The Leavenworth Case HTML version

23. The Story Of A Charming Woman
"Fe, fi, fo, fum, I smell the blood of an Englishman."
--Old Song.
"I hold you as a thing enskied and sainted."
--Measure for Measure.
"YOU have never heard, then, the particulars of Mr. Leavenworth's marriage?"
It was my partner who spoke. I had been asking him to explain to me Mr. Leavenworth's
well-known antipathy to the English race.
"If you had, you would not need to come to me for this explanation. But it is not strange
you are ignorant of the matter. I doubt if there are half a dozen persons in existence who
could tell you where Horatio Leavenworth found the lovely woman who afterwards
became his wife, much less give you any details of the circumstances which led to his
"I am very fortunate, then, in being in the confidence of one who can. What were those
circumstances, Mr. Veeley?"
"It will aid you but little to hear. Horatio Leavenworth, when a young man, was very
ambitious; so much so, that at one time he aspired to marry a wealthy lady of Providence.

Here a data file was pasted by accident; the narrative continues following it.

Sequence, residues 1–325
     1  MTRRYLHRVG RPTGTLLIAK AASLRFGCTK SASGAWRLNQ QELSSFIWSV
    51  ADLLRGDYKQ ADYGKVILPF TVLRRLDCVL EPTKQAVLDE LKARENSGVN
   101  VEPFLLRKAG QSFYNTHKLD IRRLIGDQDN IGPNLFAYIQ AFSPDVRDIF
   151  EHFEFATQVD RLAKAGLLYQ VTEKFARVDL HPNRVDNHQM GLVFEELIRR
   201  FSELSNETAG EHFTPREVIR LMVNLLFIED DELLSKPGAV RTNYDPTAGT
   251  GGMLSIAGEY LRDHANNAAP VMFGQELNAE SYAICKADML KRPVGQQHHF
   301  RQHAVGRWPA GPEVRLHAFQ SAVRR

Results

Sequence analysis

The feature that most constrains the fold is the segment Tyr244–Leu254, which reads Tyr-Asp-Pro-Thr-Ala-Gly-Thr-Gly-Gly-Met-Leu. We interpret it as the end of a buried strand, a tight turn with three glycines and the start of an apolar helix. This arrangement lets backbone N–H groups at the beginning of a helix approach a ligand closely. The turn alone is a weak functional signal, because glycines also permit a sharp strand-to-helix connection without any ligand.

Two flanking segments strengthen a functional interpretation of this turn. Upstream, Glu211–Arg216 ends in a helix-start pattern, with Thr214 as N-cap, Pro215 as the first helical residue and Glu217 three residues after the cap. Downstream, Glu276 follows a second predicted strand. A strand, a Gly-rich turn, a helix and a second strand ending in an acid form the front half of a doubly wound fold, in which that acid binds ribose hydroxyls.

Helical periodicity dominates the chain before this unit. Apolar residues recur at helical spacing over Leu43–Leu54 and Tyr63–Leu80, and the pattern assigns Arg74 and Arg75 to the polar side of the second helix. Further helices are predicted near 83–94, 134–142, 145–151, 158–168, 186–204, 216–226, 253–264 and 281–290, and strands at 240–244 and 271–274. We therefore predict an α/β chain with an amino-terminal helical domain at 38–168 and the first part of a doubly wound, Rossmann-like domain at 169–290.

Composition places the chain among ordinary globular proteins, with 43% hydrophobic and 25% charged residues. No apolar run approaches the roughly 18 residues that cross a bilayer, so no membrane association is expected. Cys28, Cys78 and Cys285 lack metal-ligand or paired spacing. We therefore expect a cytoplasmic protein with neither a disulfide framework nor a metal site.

But, chancing to go to England, he there met a young woman whose grace and charm had
such an effect upon him that he relinquished all thought of the Providence lady, though it
was some time before he could face the prospect of marrying the one who had so greatly
interested him; as she was not only in humble circumstances, but was encumbered with a
child concerning whose parentage the neighbors professed ignorance, and she had
nothing to say. But, as is very apt to be the case in an affair like this, love and admiration
soon got the better of worldly wisdom. Taking his future in his hands, he offered himself
as her husband, when she immediately proved herself worthy of his regard by entering at
once into those explanations he was too much of a gentleman to demand. The story she
told was pitiful. She proved to be an American by birth, her father having been a well-
known merchant of Chicago. While he lived, her home was one of luxury, but just as she
was emerging into womanhood he died. It was at his funeral she met the man destined to
be her ruin. How he came there she never knew; he was not a friend of her father's. It is
enough he was there, and saw her, and that in three weeks--don't shudder, she was such a
child--they were married. In twenty-four hours she knew what that word meant for her; it
meant blows. Everett, I am telling no fanciful story. In twenty-four hours after that girl
was married, her husband, coming drunk into the house, found her in his way, and
knocked her down. It was but the beginning. Her father's estate, on being settled up,
proving to be less than expected, he carried her off to England, where he did not wait to